The news lately has been more depressing than usual. Miners are trapped in Utah. Bodies are being found at the site of the Minneapolis bridge collapse. Grim reports continue to flow from Iraq. The New York Times's front page article yesterday discussed how the Bush administration failed to sustain victory in Afghanistan, finding itself bogged down in Iraq.
So, one has to savor good news when it arrives, and today is just such a day. Karl Rove announced that he is resigning, effective August 31. Ding, dong, the witch is dead.
Most people who even occasionally keep up with politics know what kind of horrible qualities Rove represents in an arena where if you want to be known for being dirty, you really have to go above and beyond. But with cable news networks more concerned with Paris Hilton than Paris, France, it should come as no surprise that the average American may not know who Rove is, and certainly most likely does not know the amount of power he wielded in the White House. Rove was more than just the architect of Bush's election campaigns. And yet, so little about his background is generally known to the man or woman on the street. A little digging shows that he stood as an appropriate symbol of everything that is wrong with the Bush administration.
It has been widely reported that Rove's first teenage foray into politics involved him stealing stationery from the headquarters of a Democratic candidate for Illinois state treasurer and using it to print up invitations for "free beer, free food, girls and a good time for nothing" that he promptly circulated to the city's soup kitchens and in the red light district.
It's not like his dirty tricks approach to politics ended there. Rove was a protege of Donald Segretti, an "original gansta" political trickster who did time for his role in the Watergate affair. Segretti coined the lovely term "ratfucking" for his practice of making up lies about Democratic candidates, like forging a letter on the stationery of Sen. Edmund Muskie that falsely accused Sen. Henry "Scoop" Jackson of fathering an illegitimate child with a 17-year-old girl. (What is it with these guys and stealing stationery?)
One particular angry writer called Rove "America's Joseph Goebbels," presciently taking him to task in 2002 for painting presidential candidate George McGovern as a "peacenik" in 1972, even though McGovern was a fighter pilot and war hero during World War II. In 2004, Rove would pull the same trick on Sen. John Kerry, painting the man who served and was wounded in Vietnam as the coward, while offering his guy, who sat out the war and didn't even bother to finish his unfairly-attained National Guard duty, as the true patriot. It's no surprise, given that Rove, like his boss, got an exemption from the Vietnam draft under dubious circumstances (according to Wikipedia, he maintained his student 2-S exemption status for six months beyond the date he dropped out of the University of Utah).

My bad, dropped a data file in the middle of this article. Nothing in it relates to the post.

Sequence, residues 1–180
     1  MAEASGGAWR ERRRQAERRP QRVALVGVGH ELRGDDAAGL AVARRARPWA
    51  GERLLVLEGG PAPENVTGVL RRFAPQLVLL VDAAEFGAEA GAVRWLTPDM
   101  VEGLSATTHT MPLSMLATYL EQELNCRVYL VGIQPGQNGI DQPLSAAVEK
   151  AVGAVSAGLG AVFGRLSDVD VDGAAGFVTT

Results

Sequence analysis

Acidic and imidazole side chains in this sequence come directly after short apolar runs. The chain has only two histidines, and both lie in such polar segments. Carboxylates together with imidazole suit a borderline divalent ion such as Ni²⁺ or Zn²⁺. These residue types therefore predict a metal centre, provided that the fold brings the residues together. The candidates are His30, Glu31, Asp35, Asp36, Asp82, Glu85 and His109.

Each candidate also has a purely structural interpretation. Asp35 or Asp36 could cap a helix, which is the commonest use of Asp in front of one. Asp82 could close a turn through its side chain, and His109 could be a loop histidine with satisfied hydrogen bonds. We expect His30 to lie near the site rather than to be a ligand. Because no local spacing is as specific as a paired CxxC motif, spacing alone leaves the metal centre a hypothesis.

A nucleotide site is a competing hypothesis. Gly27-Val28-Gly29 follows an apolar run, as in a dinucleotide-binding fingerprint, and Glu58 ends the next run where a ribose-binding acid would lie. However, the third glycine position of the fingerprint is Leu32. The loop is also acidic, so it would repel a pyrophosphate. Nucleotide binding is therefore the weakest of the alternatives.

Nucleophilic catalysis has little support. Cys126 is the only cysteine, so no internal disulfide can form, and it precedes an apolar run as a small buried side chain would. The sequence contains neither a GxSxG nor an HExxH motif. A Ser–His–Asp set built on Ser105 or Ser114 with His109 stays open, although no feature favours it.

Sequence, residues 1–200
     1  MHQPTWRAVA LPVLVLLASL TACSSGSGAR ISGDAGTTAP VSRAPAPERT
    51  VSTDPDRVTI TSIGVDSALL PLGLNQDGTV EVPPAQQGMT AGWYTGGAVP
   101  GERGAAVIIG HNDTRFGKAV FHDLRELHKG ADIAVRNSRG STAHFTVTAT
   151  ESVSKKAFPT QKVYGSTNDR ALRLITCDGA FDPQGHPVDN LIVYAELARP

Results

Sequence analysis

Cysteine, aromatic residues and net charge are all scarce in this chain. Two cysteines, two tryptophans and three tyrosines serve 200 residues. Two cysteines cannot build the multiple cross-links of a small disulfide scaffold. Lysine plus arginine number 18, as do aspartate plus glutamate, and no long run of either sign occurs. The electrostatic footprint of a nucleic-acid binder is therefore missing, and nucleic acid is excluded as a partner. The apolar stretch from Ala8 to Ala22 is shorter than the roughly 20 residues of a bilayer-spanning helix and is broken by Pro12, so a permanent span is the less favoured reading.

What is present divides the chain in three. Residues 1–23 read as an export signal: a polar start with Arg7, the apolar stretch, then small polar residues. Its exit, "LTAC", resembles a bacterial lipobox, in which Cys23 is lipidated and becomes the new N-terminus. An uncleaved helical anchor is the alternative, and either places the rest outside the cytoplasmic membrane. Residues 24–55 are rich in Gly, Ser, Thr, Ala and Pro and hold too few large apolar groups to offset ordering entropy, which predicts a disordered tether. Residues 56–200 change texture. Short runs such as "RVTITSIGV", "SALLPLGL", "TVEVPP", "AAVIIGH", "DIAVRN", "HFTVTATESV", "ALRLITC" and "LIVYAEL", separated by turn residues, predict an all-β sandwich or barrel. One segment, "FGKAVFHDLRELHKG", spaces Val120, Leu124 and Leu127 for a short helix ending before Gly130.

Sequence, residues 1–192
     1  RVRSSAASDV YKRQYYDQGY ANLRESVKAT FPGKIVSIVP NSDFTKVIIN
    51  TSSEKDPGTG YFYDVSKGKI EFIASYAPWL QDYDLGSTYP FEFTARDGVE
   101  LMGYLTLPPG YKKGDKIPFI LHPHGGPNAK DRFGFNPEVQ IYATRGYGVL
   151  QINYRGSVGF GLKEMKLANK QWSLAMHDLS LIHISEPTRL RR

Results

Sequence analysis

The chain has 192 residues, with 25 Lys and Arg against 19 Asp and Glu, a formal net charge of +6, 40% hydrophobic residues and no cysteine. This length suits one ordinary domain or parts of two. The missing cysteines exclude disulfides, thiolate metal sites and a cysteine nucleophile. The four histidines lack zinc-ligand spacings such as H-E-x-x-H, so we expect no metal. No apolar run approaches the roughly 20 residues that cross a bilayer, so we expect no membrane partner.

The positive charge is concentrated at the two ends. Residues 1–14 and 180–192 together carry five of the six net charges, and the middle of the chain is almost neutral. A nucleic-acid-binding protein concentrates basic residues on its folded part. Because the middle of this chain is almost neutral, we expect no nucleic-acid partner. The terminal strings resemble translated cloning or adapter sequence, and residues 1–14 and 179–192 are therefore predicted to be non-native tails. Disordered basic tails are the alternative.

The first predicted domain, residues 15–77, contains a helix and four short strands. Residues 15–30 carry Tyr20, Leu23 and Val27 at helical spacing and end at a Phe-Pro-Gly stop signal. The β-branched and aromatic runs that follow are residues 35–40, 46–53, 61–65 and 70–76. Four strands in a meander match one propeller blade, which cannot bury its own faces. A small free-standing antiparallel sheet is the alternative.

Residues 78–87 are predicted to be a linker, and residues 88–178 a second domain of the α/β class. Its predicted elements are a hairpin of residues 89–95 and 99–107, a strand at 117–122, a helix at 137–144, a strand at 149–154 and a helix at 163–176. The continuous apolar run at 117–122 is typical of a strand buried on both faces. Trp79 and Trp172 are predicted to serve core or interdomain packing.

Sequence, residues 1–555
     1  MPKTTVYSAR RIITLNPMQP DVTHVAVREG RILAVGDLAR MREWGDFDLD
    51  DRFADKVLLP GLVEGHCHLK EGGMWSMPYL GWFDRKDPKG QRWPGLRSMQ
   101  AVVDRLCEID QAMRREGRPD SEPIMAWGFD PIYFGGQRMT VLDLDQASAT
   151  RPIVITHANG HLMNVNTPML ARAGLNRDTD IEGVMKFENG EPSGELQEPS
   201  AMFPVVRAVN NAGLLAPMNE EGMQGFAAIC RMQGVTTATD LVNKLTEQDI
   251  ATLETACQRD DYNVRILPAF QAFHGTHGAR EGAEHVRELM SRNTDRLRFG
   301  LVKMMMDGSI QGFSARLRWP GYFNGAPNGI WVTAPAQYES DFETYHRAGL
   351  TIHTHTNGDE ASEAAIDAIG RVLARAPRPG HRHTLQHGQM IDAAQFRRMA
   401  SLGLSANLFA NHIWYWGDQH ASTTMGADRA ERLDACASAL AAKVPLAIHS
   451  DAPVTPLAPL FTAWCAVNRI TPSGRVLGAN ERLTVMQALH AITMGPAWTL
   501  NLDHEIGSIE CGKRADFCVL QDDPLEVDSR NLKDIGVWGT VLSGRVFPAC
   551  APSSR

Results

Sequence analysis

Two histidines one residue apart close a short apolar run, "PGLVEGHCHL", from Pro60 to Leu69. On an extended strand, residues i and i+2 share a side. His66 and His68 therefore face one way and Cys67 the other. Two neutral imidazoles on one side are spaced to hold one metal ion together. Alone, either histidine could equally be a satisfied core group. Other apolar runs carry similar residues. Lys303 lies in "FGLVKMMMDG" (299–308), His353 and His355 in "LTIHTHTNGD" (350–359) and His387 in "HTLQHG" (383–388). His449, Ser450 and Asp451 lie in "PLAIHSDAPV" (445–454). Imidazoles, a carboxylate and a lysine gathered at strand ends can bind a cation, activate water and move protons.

Rove also fit in perfectly with Bush's anti-"Best and the Brightest" approach to hiring staffers. I wonder if Americans know that the man who held the title of Deputy Chief of Staff and was one of the president's most powerful advisors was a college dropout, leaving school after a year to work for Lee Atwater, the man who used the racially charged Willie Horton advertisement to smear Gov. Michael Dukakis in the 1988 campaign of W's father. You have to hand it to Rove: When comes to being a morally empty political trickster, he didn't mess around, learning from the very best in the field.
It doesn't take a PhD to draw the line from stealing stationery to outing an undercover CIA agent as payback for her husband's New York Times op-ed piece challenging the administration's pre-Iraq war intelligence. (I wrote about the Plame outing on June 5, 2007.) It was in Rove's DNA.
As you may recall, Bush ran in 2000 on a platform of bringing honor back to Washington. Call me crazy, but I would argue that having a top advisor be one of the biggest political dirty trick instigators of all time is far less honorable than engaging in oral sex with an intern. But that really sums up Bush's time in office; it was always appearance over reality. Bush could say he was a "compassionate" conservative, and that made it okay that he actually curtailed federal stem cell research funding, connived the country into a catastrophic war in Iraq it had no business engaging in (all while losing ground in the war against the real enemy in Afghanistan), and stuffed his administration with under-educated, under-experienced cronies based on their geographic (i.e. being from Texas) or religious (i.e. graduating from Pat Robertson's bottom-quartile university) background (which I wrote about on April 16, 2007).
Rove knew that the American electorate was lazy and not engaged, and as a result, he could trick them into believing what he wanted them to believe about his candidate. So while the blame lies with the citizens that voted Bush into office twice (and the nearly half of the electorate that didn't bother to vote either time), Rove has to take his share of the blame as the man who manipulated the system. Bush is a president who loves to talk about the American values of freedom and democracy, but few embody those qualities less than Rove.
Ultimately, Rove will have to live with the legacy of being known as a political dirty tricks artist who manipulated candidates into office. Clearly, he has no problem with that characterization. But the American people should be more disturbed, and they can show it by making sure that Rove's beloved party is shown the door in the November 2008 election. If it doesn't happen, the Democrats won't have Rove to blame. To see the culprit, they'll only have to look in the mirror.